The Top 5 Money Mistakes Post-Grads Make


By Emily Diekelmann

Post-grad finances are the big elephant in the room that nobody talks to you about before graduation.

After you receive your diploma and start your new job, all of a sudden you’re in the ocean with a life jacket but no boat, struggling to stay afloat while those big financial waves keep hitting. Here are the top five money mistakes that all post-grads need to avoid.

1. Credit Card Debt

It may seem like a very attractive alternative to having the money in hand, but it is a slippery slope that most people go down and can’t recover from for years (if ever).

Between the interest and how it affects your credit, too much debt can put you in a worse financial state than when you started or even prevent you from being able to buy a car or house in the future. Unless a person has enough self control to pay off their card whenever they spend, steer clear of getting one right out of school.

2. Not Budgeting Wisely

You are just out of college with your first full-time job that actually pays you more than minimum wage. The first paycheck hits your bank account and you can’t believe how much is in there, so you go out and spend it without properly thinking about rent being due or that you have a loan payment that will come out in a few weeks.

Depending on how much you are paid and when you are paid (bi-weekly or monthly), creating a schedule of when the bills, rent and all essential items come out can help you plan for any special events or occasions that may come later in the month or before you know another paycheck with be gracing your bank account. If you know ahead of time what you will be using your money for, then you won’t be scraping to get by paycheck to paycheck.

3. No Savings Account or Retirement Funds

Most people don’t think they can afford taking any money of their paychecks throughout the month to place in savings, but it is crucial to have some money saved up in case of emergency such as unemployment, disaster or illness.

That may mean cutting back on Starbucks on your way to work or buying one less thing when you are out shopping. Those expenses add up quickly when they can be going toward your future.

Many banks have a savings program that you can enroll in where it will automatically be taken from your account each month and you never even see it. Also as the money sits there (and hopefully isn’t touched), the interest accrues on it and will become more and more over the years. Depending on your job, they will have a system in place to help you begin to use part of your paycheck to save for retirement. Although you don’t get to reap the benefits right away, you will be grateful in the future to know that you have saved up and will have that money if need be.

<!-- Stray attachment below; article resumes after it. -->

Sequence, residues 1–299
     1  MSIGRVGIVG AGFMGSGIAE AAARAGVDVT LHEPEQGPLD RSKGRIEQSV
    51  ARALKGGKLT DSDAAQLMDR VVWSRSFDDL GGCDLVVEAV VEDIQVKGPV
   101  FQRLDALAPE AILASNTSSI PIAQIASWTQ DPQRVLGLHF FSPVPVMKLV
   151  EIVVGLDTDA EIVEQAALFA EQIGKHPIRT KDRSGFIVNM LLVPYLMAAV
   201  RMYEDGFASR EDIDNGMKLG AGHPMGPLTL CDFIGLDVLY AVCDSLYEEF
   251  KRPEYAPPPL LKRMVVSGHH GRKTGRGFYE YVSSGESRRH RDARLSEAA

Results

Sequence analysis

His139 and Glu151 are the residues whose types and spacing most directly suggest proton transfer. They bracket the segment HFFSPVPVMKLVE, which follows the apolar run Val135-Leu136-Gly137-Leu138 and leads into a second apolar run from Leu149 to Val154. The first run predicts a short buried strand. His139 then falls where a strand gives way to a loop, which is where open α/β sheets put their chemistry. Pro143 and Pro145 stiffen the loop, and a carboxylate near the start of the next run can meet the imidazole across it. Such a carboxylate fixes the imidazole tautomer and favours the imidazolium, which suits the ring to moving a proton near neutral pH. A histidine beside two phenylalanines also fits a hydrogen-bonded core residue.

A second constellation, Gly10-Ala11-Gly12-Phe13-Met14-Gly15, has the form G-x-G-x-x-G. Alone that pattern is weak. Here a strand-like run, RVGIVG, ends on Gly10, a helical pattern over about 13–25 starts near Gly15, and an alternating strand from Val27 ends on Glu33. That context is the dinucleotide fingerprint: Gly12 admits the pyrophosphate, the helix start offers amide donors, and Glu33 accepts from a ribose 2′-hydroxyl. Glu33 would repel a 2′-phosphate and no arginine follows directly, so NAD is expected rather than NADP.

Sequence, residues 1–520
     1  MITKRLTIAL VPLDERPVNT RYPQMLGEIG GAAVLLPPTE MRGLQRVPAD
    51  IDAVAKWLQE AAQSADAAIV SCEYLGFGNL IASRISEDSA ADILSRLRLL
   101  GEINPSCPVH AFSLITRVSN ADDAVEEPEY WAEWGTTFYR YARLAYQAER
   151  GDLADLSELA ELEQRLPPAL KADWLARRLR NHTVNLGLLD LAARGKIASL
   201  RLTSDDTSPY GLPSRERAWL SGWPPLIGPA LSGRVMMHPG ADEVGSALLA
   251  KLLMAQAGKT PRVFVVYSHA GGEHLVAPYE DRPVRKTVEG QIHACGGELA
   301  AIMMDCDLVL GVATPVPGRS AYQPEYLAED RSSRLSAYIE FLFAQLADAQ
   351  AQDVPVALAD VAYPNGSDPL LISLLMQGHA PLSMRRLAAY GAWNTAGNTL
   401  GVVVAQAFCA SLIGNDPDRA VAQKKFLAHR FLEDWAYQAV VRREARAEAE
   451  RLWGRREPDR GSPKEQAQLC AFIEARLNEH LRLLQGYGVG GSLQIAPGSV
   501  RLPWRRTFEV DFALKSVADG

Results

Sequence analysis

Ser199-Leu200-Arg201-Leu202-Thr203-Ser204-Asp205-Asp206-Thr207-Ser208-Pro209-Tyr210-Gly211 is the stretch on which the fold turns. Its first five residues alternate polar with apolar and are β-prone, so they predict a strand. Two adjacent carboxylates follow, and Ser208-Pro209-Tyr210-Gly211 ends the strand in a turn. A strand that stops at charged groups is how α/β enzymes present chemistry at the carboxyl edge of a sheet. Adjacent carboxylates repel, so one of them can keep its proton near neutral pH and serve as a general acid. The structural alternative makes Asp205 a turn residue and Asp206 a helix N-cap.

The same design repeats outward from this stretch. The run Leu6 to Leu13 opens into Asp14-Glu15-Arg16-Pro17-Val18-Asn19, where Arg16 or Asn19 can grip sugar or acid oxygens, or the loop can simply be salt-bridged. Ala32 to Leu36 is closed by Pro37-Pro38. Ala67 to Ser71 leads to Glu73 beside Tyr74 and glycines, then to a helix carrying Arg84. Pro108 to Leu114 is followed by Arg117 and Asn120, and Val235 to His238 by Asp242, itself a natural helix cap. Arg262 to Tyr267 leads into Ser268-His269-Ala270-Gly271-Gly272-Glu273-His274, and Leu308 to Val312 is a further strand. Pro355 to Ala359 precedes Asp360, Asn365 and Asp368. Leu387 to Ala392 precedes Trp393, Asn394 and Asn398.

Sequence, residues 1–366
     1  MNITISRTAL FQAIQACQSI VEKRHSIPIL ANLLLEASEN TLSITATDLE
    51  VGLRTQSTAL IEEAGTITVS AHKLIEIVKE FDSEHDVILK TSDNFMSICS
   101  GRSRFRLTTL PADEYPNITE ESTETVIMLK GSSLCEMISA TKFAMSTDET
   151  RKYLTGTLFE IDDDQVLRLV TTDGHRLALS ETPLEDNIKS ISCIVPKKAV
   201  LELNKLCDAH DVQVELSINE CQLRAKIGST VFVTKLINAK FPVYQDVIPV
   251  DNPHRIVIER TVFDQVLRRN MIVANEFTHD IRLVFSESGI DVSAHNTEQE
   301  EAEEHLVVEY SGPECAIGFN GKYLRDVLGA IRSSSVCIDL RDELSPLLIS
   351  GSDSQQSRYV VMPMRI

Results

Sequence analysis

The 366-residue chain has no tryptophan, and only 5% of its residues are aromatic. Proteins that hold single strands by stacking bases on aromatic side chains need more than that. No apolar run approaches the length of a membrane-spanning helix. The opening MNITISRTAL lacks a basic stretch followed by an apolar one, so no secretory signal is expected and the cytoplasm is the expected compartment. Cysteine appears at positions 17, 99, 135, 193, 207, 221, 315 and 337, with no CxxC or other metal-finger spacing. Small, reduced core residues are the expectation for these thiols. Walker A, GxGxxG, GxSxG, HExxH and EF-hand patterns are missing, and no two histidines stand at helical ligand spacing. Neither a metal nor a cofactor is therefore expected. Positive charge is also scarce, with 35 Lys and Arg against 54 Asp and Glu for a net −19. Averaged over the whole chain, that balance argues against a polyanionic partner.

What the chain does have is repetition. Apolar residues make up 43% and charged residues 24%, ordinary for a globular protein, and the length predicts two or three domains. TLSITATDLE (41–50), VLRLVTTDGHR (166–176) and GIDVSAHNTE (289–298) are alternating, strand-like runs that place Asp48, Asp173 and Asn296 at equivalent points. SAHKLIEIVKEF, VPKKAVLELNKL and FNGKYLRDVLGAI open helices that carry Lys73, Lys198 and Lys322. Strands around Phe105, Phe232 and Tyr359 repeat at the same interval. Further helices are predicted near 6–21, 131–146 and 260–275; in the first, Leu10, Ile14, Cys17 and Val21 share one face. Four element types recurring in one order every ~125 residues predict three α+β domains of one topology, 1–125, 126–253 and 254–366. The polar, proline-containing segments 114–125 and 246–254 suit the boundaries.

4. Spending Money on Unnecessary Expenses

This one is especially hard because you want to stay close to those you went to school with and still have a good time, which may mean going out to a bar or club on Friday night, but what you don’t realize is that those Happy Hour drinks add up.

It isn’t expected that you completely ignore your social life once you graduate from college, but try to plan events or a get-together that isn’t as strenuous on the pocketbook instead. If you know there is a special event coming up, make sure you set aside the money you will need for it.

5. Letting your College Debt Default

You went to the school of your dreams because your parents went there or your friends did, but it is now time to face the music and pay up for that expensive education you just received. While most loan companies allow you to defer for a few months after graduation, once you find a full-time job that pays enough, the loan companies will begin calling for their money back.

To avoid having your entire paycheck go toward loans, set up a payment plan with them within the means of what you get paid currently. Most groups would be happy to receive some money instead of nothing.

Ignoring the loans is the worst thing to do because it will be reflected on your credit, and it is a hard thing to build back up quickly. If you are deferring on your loans because of unemployment or financial hardship, try to keep up with the interest on the loans so that when you are able to pay, it won’t add on to your final total.

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